The project will work with private landholders to fence remnant vegetation, including that on waterways, strategically-selected areas of land will undergo revegetation and large areas of public land will have increased rabbit and weed management works to reduce the risk of the improved connectivity contributing to the spread of these species. The Grampians to Pyrenees Biolink is a significant link between two major visionary Bio-links ‘Habitat 141’ which straddles the Victorian/ Southern Australian Border and the ‘Great Eastern Ranges Corridor’ which follows the Great Dividing Range right through to Far North Queensland. It provides habitat through a combination of stepping stones and wildlife corridors enabling ecological function to be maintained through a myriad of farmland and public conservation areas. An exciting component of this project is to develop a 10 year strategic Grampians to Pyrenees Connectivity Plan which will further refine priority works and areas to assist in achieving the aim of “improving the ecological connectivity between the Grampians and Pyrenees Ranges”. It has been well recognised that this plan will need to optimise ecological needs while considering farming and community priorities.


More information: 03 5358 4410




By J. W. AUDAS, F.L.S., F.R.M.S., Assistant, National Herbarium, Melbourne.


(Read before the Field Naturalist’s Club of Victoria, 15th Jan., 1919.)


In our last few issues we have been publishing Audas’s description of a Spring excursion to Halls Gap. We conclude his story as they do the last leg of their 2 day walk. Please note that the botanical names are sometimes hard to decipher. The library who have made this available on the web has used character recognition software to get into a text document and it has not always coped with Latin vocabulary. And of course some plant names have changed as well.


Having reached a large, swiftly-flowing creek containing good water, we decided to boil the billy and have lunch, and enjoy a short respite from travelling. Feeling refreshed, we


pushed on and negotiated a high ridge, from the top of which a splendid view of the Victoria Valley was obtained. The head waters of the Glenelg River could be traced, running in a northwesterly direction at the start, and finally turning southward after making a circuit of the northern end of the Victoria Range. The principal point of interest from here is the “Asses’ Ears” a bold prominence on the Victoria Range. Continuing from this spot in a northerly direction, some deep and rugged gullies were encountered, the walls of sandstone in some places being almost perpendicular ; however, after much difficult climbing, we eventually reached Scrubby Creek. The vegetation along the creek was very luxuriant. Splendid specimens of Prostanthera lasianthos and Pomaderris apetala attained a height of fully thirty feet, and Pimelea spathulata, an elegant shrub in full bloom, made a very effective display with its pretty heads of drooping greenish flowers. The Acacias, A. melanoxylon, A. verniciflua, and A. retinodes, looked particularly well, the foliage being very regular and ornamental, and of a much lighter shade of green than is usually seen. A great variety of ferns flourished along the banks of the stream ; splendid masses of Gleichenia dicarpa were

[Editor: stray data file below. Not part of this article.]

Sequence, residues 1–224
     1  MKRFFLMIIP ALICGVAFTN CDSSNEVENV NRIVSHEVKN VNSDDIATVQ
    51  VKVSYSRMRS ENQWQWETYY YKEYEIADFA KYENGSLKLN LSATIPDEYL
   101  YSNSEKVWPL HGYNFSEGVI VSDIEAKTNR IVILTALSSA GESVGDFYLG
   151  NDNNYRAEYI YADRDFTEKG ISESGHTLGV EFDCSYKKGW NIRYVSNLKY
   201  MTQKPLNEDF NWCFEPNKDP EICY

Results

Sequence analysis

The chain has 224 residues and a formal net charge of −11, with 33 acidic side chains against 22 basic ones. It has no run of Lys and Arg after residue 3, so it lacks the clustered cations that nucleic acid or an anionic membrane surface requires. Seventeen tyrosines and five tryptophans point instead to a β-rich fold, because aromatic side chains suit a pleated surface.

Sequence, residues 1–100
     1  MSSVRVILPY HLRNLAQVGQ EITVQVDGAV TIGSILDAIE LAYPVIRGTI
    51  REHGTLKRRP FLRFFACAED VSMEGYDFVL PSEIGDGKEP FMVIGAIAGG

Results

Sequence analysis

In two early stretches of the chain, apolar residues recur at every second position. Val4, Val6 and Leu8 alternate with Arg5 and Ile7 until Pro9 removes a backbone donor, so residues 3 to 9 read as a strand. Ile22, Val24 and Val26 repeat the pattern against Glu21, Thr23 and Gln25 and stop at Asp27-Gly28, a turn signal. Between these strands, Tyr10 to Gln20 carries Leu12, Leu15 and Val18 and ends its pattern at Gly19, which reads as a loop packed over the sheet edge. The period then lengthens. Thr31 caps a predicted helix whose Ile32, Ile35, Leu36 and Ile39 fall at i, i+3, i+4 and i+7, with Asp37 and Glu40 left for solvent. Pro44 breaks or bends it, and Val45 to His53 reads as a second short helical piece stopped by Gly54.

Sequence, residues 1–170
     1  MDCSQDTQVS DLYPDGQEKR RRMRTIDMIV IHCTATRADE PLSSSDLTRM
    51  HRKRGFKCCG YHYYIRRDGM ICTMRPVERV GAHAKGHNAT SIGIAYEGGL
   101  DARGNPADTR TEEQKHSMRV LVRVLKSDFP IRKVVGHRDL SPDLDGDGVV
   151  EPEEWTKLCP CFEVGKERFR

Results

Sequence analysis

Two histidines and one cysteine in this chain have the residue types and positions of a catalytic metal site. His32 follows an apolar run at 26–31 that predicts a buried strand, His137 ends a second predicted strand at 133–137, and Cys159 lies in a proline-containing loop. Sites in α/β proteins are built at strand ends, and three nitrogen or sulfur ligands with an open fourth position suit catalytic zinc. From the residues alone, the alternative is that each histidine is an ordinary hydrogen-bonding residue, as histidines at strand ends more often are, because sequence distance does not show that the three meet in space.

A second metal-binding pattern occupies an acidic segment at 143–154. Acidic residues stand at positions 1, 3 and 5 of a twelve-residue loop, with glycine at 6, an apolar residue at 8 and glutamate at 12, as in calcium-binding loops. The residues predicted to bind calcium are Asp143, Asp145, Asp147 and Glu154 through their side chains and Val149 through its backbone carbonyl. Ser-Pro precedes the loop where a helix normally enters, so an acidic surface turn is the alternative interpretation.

observed, and G. flabellata was particularly fine. Todea barbara grew in profusion, and in some places formed close thickets, while Lomaria discolor, L. capensis, Aspidium aculeatum, Pteris incisa, also the tree-fern, Dicksonia antarctica, with its stately heads of fronds, added beauty to the scene. Leaving Scrubby Creek, we soon struck the track we were in search of, and started on our homeward journey. Proceeding now under more comfortable circumstances, along the track was seen a nice display of Brachycome diversifolia growing in a grassy flat, and gleaming gold and white in the sunlight. It was noted that in this particular part of the mountains Grevillea alpina and Styphelia adscendens assumed trailing Jorms. Journeying along the slopes of Mount Difficult, Burchardia umbellata, Helichrysum apicilatum, and H. Baxteri were met with in great profusion. The beautifully cerulean blue flowers of Brunonia australis made a splendid show.